“If you asked me what my hopes are, I would tell you that I want a peaceful government, one that prides itself on keeping its people safe. There are times when I have felt like the government, or the prime minister to be specific, is holding all of us at ransom. I say this because I feel like they want to win at all and any cost,” she said.
Concerns over a racial riot seem to be the most worrying thought prevalent in the minds of a number of people interviewed. Lina says even with a well-paying job, a home of her own and a pantry filled to the brim with groceries – “just in case something happens” – she still feels unsettled that the past will repeat itself when this thought comes to mind.
“There was an incident when a ‘leader’ of a certain political party raised the keris and screamed for blood all in the name of protecting a particular political party that championed a particular race. If this wasn’t bad enough, along came another individual who was so brazen in proclaiming that a bloodbath would happen to keep BN in power… So I’m sure you can appreciate why I have little hope, or even dare think about what I can hope for,” she stated.
Add to this numerous other incidents that will make for a hotbed of scandal, shock and secrecy. There were episodes worthy of horror stories – dismembered cow’s heads, blood-spilling gore and pig’s ears, saucy sex tapes, religious conversion claims and, let us not forget, the mysterious deaths of those in police custody or under interrogation. Home-grown talent Yandaro Al Amien (picture above, right), 33, an entrepreneur said the biggest travesty of justice is the government denying basic electoral reform rights to the same people who elected them into power.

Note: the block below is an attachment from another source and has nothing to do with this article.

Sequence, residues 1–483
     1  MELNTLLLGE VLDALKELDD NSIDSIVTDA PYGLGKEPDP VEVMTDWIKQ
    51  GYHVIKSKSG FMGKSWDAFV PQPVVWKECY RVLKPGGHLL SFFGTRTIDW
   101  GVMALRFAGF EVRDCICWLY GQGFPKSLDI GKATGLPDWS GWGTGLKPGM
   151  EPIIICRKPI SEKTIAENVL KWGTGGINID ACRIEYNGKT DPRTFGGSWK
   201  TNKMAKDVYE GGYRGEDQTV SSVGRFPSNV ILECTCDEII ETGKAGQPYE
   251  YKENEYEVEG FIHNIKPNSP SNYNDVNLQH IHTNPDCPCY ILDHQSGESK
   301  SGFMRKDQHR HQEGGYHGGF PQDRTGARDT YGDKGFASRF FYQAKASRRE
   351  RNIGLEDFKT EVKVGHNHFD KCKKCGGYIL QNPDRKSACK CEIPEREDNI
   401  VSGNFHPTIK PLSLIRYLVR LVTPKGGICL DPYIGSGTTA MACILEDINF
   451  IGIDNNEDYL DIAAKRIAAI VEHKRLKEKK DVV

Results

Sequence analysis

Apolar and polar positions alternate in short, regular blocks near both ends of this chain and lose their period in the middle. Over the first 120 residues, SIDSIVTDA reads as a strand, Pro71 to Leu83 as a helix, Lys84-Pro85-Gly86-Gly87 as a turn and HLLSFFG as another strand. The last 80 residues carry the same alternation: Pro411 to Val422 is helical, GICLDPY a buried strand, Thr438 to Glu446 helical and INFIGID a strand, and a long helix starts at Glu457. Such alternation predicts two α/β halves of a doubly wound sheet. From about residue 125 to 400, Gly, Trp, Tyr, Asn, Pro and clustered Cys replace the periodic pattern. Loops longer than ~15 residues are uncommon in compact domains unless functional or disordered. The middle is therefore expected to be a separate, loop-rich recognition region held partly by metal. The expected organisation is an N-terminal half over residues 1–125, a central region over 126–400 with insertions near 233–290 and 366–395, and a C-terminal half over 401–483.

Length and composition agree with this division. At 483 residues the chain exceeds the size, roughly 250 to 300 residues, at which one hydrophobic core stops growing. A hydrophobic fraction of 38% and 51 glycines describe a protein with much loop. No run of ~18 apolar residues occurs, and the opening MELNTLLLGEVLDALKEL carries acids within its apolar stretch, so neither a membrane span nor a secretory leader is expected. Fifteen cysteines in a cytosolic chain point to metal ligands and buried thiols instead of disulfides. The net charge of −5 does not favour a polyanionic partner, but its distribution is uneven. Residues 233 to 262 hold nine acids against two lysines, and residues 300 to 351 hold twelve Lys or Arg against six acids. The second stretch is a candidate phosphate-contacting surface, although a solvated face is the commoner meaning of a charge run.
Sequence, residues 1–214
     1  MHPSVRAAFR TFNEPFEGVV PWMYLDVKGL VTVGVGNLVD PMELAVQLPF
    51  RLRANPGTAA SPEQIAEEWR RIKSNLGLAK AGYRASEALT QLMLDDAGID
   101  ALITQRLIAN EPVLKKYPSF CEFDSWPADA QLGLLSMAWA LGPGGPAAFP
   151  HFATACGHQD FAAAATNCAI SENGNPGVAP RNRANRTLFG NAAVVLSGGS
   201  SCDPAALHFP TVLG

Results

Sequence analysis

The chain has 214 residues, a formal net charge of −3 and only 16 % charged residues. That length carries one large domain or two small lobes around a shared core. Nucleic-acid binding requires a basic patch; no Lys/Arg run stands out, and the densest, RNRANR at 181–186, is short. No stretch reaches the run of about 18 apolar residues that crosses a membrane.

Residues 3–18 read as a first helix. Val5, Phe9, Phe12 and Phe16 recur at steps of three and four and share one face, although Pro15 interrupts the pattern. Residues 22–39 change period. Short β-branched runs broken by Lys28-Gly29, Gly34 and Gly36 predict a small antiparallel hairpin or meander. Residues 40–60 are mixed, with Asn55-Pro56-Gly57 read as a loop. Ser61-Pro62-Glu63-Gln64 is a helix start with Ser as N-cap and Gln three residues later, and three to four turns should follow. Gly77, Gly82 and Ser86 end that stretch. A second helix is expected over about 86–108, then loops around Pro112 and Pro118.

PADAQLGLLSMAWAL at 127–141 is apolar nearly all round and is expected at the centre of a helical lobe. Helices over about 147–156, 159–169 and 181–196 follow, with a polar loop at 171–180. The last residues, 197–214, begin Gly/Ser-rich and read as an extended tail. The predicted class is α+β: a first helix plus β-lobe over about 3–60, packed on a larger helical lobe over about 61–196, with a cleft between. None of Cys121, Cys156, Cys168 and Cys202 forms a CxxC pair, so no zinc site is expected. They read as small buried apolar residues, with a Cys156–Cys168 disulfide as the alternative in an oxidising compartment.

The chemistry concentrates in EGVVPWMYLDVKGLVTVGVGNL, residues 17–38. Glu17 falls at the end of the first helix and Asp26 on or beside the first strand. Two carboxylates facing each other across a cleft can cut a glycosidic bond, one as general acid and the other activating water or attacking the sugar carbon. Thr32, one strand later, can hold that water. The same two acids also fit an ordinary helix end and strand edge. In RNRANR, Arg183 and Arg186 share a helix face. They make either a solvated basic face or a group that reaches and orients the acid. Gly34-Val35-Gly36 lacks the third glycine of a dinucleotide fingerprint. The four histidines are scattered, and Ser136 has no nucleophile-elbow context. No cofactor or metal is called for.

“My hopes and what I want from the government after the general election is a long list. I am so sick and tired of seeing both parties play the blame game – it’s enough and the time has come to focus on direction rather than who has the bigger ego,” he said.
“Our education system is also in shambles – it’s another hot mess and we are lagging far behind in terms of quality and result. Have you seen the kind of fresh graduates we get? It’s frightening because they can’t even string a proper sentence in English and common sense is non-existent.
“I want a government that will cut out all this crap about Ketuanan Melayu [Malay supremacy]… it’s this kind of talk that makes the Malays fall back behind in the first place. I want a government that gives more access to press freedom and also one that is transparent. On a personal level, I would really like to see history lessons at schools taught based on facts and truth, not on government agenda,” he said, adding, “So be it if Hang Tuah was a Chinese. What’s the big deal?”
Earnest Bat, 33, (picture left), head of communication of a private company, has a tongue-in-cheek wish for what he hopes to see in a new government and states it simply enough: “I hope for a government that is run by smarter and more savvy people who do not take offence to tights and tutus, using these innocent garments as cause for political debate. I don’t think that’s too much to ask, do you?”
But perhaps the most poignant of all hopes expressed comes from a fellow writer who said that her hope, post-13th general election, is for Malaysia to be given a real opportunity to explore its potential and reach it – that Malaysians abroad will return home because the country is finally a nurturing ground for home-grown talent.
The winds of change might just bring this about and who knows, Manaf might see it happening in his lifetime after all.